How Maps Helped Improve the University of Minnesota Snow and Ice Removal Program
• The University of Minnesota Facilities Management Landcare team employs the latest geographic information systems technologies for managing its snow and ice removal program.
• Staff used geospatial technologies to create a unique Snow Removal Map with layers highlighting removal routes, potential hazards, instructions, contracted work sites, and snow storage.
• Leveraging mapping tools, university staff reduced equipment damage, saved costs, and streamlined communications and coordination between departments.
In Minnesota, where winter snowfall averages 54 inches a year, one university created a smart map to help it remove snow and ice to keep roads, sidewalks, and ramps open for campus activity. Using geographic information system (GIS) technology, a team at the University of Minnesota, Twin Cities (UMN), built the unique Snow Removal Map to record information about 105 miles of campus snow removal routes.
"A university campus is a busy place. There are tens of thousands of students walking using sidewalks as a main way of getting around," said Tobias Fimpel, a GIS manager and developer at UMN. "And if they can't get around safely, that is a real problem."
Before developing the Snow Removal Map, the Facilities Management Landcare team had managed snow removal using color-coded computer-aided design (CAD) maps and lists, requiring yearly updates that were challenging to coordinate.
"We had a pinch point where there were only a few of us who could use CAD or had CAD available, and all the edits had to go through this group and then get the updates back to everyone else," said Chad Schmidt, landscape architect, and GIS coordinator at UMN. "The minute we made an update, there would be more edits, so it was never ending."
Schmidt knew his team would benefit from a better approach to removing snow so he contacted UMN's Facility Information Services GIS department in early 2019 to collaborate on a mapping tool for the next snow season.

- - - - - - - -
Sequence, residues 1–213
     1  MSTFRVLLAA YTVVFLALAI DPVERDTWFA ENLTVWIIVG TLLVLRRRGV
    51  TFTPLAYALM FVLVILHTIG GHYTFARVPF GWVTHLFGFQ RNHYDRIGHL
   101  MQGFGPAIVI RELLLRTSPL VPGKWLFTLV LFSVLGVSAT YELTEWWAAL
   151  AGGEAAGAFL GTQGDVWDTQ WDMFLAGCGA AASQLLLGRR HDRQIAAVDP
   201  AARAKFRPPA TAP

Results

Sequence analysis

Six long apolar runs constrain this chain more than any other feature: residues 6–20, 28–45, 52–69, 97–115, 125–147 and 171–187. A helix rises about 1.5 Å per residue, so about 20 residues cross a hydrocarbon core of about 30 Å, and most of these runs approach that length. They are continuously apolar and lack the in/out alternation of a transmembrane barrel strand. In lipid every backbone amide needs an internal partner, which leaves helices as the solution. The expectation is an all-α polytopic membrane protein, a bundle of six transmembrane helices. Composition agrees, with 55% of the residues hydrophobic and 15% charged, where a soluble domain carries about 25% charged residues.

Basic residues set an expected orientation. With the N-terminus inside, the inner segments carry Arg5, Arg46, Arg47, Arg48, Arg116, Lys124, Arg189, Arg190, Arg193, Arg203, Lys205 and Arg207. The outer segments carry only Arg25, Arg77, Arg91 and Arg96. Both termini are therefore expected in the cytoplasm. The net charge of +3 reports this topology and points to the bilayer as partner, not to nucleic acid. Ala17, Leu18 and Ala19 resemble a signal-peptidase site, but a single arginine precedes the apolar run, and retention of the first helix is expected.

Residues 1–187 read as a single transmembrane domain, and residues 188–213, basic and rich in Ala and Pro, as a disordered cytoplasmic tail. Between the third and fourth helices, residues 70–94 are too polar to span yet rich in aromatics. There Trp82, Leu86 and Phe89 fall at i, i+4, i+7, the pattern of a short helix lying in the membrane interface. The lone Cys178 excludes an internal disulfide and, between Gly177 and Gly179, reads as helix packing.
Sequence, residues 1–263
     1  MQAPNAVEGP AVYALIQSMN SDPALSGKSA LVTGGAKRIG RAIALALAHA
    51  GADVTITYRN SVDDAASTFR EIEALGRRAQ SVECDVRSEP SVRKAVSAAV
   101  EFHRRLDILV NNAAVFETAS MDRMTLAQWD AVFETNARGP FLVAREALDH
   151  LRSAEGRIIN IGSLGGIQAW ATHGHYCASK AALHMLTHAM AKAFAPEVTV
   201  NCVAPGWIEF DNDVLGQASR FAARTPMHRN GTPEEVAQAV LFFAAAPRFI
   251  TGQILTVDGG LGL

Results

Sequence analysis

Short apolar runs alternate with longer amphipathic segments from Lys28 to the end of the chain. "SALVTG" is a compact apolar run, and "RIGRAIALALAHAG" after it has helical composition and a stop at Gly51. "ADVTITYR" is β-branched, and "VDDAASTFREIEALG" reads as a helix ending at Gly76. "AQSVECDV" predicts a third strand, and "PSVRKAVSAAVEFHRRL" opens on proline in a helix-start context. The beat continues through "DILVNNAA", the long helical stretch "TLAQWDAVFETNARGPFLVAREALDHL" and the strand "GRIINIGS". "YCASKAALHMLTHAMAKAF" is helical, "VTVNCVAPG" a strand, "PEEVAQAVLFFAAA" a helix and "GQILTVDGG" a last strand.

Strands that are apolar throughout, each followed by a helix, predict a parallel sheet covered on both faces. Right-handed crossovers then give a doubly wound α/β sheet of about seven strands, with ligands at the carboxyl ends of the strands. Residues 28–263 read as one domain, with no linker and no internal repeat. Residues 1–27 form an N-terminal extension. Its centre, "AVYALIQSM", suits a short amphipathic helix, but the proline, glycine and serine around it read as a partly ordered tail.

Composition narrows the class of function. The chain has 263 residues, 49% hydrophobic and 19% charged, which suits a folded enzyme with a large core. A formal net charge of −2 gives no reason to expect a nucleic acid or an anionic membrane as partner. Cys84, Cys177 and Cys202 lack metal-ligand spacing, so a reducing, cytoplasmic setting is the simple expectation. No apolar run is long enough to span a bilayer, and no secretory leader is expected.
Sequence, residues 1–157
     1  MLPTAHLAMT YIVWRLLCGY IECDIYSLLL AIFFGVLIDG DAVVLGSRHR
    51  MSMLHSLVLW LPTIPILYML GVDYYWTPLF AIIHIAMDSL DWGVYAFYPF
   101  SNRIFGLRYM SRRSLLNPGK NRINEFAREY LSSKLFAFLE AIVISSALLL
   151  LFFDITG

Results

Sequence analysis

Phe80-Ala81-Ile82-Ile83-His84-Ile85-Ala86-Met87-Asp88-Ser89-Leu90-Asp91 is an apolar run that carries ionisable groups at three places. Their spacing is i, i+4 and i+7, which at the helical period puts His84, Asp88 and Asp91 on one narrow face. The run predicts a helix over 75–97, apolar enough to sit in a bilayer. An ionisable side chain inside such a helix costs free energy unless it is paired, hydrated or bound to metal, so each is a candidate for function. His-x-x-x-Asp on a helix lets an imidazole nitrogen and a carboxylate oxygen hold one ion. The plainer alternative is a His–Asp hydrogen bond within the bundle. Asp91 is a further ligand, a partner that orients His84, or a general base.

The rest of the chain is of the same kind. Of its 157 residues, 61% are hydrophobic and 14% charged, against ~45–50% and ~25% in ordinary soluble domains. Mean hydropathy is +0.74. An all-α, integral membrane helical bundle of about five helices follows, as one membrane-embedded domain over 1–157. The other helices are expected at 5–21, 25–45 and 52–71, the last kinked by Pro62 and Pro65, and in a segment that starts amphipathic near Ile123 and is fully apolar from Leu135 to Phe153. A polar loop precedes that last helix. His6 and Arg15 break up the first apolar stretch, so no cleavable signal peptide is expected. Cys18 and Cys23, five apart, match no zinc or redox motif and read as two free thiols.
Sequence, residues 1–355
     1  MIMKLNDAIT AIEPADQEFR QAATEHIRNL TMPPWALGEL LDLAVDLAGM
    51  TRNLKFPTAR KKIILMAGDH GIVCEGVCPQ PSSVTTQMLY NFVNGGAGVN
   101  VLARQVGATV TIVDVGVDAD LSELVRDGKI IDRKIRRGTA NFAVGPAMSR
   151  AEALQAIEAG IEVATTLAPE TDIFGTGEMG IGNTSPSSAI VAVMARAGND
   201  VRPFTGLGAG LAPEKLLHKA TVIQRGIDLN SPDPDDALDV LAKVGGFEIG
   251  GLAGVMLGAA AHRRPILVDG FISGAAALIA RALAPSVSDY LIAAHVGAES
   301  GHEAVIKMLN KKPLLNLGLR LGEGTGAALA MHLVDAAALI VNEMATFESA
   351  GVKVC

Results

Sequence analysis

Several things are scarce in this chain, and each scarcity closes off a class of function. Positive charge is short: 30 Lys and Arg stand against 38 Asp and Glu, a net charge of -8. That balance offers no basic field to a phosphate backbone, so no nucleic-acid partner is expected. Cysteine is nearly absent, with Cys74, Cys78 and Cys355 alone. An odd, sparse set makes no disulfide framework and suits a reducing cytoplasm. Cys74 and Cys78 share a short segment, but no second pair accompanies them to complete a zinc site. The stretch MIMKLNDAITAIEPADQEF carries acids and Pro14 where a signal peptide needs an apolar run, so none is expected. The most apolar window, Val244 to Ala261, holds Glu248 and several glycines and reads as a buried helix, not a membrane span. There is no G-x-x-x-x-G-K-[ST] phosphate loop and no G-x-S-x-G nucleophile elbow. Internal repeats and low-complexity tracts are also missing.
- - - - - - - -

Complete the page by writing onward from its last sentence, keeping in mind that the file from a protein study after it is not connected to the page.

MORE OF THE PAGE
Building a Campus-Wide, Comprehensive Snow Removal Map
For over a decade, UMN staff used enterprise GIS technology to manage workflows and campus infrastructure such as tree inventories, irrigation systems, outdoor furniture, planters, sweeping routes, and more.
Both the Landcare and Facility Information Services GIS teams wanted the Snow Removal Map to be an effective tool, so they first worked together to identify which attributes and data to include. Then the GIS team used existing data from their enterprise database, CAD files, and other data sourced by the Landcare team to create a demo of what was possible.
"Initially, it was a lot of back-and-forth on how to organize the data and make sure that stakeholders within Landcare had their voices heard," said Livia Betancourt Mazur, GIS analyst at UMN. Betancourt Mazur also pointed out that an important part of the early project stages was creating a demo mockup map to help the eventual users see what was possible.
Schmidt agreed that the demo was key to successfully designing the Snow Removal Map for his team. "Once they saw it in action and what it could be, people really got excited." Landcare staff wanted layers on the map to include outlined snow removal routes and the locations of hazards, such as benches, bike racks, maintenance holes, and fire hydrants, that can become invisible under several feet of snow.